Those who know me know that I’m an introvert and generally one of the quieter people in the room. But even as an introvert, I’m comfortable speaking in front of groups, making points and raising questions in meetings, making presentations and engaging with conviction as long as I am saying something meaningful rather than making small talk. In fourth grade, describing me as an introvert would have been a gross understatement. I was painfully shy and just getting me to TALK in a group was hard enough, but singing a spontaneous solo in front of my classmates? I froze. Mark me down for an “F” on the experiment.
Earlier this year, I met a music teacher. She didn’t ask me to sing, so we continued talking. As we became friends, we’ve talked about philosophy, current events, human relationships, mentoring, and many other topics. We barely discussed music except when I asked about her background, which was remarkable. Even before she had graduated with her music degree, she had traveled the world singing as a part of a group and as a soloist. She had sung at a presidential inauguration.
She was inspiring to say the least. But it wasn’t her craft for which she had meticulously trained that fueled that inspiration. It was her interest in so many other important and meaningful topics and her intellectual curiosity to learn more about each of them. It was her openness to debate, question and discuss so much more than her core area of expertise.
It reminded me of something I always told new people we hired even at the entry-level or as interns. That I expected them to not only learn, but also to provide input in our meetings and brainstorm sessions, which are plentiful in marketing. They would nod nervously wondering what experience they could draw from to provide ideas, having never worked in the “real-world.” I tried to sooth their anxiety by telling them they have unique experiences no one else did. Having been marketed to since they were about four, they had their own perceptions and attitudes about brands, products, advertising, culture, etc. They also had observed how their family or friends had responded to different types of marketing. All of that experience and perspective was their own, no one else’s. It was unique. It added to rest of the insight and intellectual capital from our team so could we come up with a more informed strategy or creative idea.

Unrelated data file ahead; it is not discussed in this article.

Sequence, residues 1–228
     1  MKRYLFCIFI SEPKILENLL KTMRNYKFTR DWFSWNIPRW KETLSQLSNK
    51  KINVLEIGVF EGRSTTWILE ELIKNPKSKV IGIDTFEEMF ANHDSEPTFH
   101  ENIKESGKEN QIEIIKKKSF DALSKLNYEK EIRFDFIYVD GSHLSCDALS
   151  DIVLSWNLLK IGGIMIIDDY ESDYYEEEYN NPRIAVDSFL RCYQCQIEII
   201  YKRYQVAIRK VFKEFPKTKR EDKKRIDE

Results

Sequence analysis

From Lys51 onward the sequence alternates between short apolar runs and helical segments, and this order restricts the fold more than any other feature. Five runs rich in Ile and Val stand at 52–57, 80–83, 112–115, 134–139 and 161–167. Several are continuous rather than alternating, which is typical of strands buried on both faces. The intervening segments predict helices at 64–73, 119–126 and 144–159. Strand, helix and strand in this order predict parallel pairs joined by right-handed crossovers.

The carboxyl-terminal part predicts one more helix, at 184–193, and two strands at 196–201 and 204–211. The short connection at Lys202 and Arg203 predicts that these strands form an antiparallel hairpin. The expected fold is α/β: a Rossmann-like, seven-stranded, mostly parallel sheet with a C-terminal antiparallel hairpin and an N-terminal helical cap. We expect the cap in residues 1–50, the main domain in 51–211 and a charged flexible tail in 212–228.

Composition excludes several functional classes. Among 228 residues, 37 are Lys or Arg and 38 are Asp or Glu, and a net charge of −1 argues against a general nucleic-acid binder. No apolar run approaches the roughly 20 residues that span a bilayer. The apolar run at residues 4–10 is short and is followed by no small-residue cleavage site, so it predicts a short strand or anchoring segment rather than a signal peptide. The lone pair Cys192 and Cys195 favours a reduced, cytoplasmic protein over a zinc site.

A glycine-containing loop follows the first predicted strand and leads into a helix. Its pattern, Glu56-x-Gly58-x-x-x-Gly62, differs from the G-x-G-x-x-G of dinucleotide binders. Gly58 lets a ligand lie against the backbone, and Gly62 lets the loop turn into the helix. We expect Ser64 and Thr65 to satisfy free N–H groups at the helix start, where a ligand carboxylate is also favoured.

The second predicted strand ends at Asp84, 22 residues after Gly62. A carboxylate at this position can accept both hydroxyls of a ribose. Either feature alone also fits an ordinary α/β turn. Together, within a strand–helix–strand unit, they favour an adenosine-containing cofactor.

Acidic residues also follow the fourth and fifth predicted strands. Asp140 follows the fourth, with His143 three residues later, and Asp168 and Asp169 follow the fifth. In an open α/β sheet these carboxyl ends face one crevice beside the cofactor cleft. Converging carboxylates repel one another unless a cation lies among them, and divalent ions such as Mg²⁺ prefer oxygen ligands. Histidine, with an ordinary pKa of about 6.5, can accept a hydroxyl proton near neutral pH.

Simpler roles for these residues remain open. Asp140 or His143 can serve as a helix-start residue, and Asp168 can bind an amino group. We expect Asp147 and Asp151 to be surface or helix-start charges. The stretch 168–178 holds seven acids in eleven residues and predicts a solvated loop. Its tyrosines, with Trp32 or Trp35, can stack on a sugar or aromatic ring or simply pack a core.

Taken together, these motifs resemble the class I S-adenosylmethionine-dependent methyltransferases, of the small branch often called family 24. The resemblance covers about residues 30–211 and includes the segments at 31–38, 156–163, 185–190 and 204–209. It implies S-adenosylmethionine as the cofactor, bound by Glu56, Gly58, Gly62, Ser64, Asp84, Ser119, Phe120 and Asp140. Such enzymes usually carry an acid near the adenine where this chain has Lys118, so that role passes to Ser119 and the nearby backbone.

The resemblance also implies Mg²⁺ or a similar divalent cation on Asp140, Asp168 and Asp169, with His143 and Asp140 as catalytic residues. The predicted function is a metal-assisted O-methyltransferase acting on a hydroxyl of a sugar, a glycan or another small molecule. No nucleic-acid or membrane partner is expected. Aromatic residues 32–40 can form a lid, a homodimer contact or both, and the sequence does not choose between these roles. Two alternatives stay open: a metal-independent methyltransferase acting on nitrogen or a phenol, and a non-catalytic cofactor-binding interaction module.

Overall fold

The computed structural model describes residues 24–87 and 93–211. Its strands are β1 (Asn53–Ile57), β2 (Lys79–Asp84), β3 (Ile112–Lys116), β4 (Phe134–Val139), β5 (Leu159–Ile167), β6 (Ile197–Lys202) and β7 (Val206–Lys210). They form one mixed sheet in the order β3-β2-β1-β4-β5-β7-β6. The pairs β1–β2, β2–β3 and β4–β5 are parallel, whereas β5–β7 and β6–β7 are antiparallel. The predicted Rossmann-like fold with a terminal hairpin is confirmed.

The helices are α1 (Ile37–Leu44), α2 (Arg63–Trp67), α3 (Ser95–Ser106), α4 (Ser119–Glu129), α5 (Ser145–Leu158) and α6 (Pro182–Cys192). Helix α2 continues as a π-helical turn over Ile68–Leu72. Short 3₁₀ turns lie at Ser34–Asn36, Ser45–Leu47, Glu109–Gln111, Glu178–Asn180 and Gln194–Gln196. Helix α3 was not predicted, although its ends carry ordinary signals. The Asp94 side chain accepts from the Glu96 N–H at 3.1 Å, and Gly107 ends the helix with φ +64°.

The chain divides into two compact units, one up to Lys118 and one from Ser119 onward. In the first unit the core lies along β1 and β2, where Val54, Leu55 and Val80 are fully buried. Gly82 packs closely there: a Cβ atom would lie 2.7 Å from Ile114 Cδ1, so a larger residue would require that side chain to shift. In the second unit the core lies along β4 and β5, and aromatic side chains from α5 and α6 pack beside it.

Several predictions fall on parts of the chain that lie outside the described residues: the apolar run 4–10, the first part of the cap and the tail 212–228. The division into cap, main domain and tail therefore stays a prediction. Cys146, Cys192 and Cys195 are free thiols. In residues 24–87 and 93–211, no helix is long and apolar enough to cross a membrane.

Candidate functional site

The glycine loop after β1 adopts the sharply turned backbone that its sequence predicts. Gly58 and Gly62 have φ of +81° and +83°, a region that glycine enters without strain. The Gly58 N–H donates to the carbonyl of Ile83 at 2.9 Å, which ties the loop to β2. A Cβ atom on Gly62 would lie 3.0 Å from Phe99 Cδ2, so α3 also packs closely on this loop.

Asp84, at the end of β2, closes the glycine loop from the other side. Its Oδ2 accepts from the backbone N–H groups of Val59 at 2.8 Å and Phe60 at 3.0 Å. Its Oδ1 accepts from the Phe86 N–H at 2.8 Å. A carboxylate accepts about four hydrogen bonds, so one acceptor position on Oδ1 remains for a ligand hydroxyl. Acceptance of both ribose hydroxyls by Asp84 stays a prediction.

Sometimes, we get so busy in our line of work or profession, we don’t take the time to enrich ourselves with other interests, some which might even turn into a passion. The Gray Area, at its essence, is about broadening our horizons and looking beyond our own experiences.
Having met a friend who had clearly done that has inspired me to do the same. Even though I still have never sung in front of anyone, I’ve always loved music. So I bought a keyboard and am teaching myself how to play, with a little help from my friend. Maybe I’ll post a video of me playing the piano one day…once I know I’ll merit more than an “F.” I’ve got a long way to go, but I’m learning.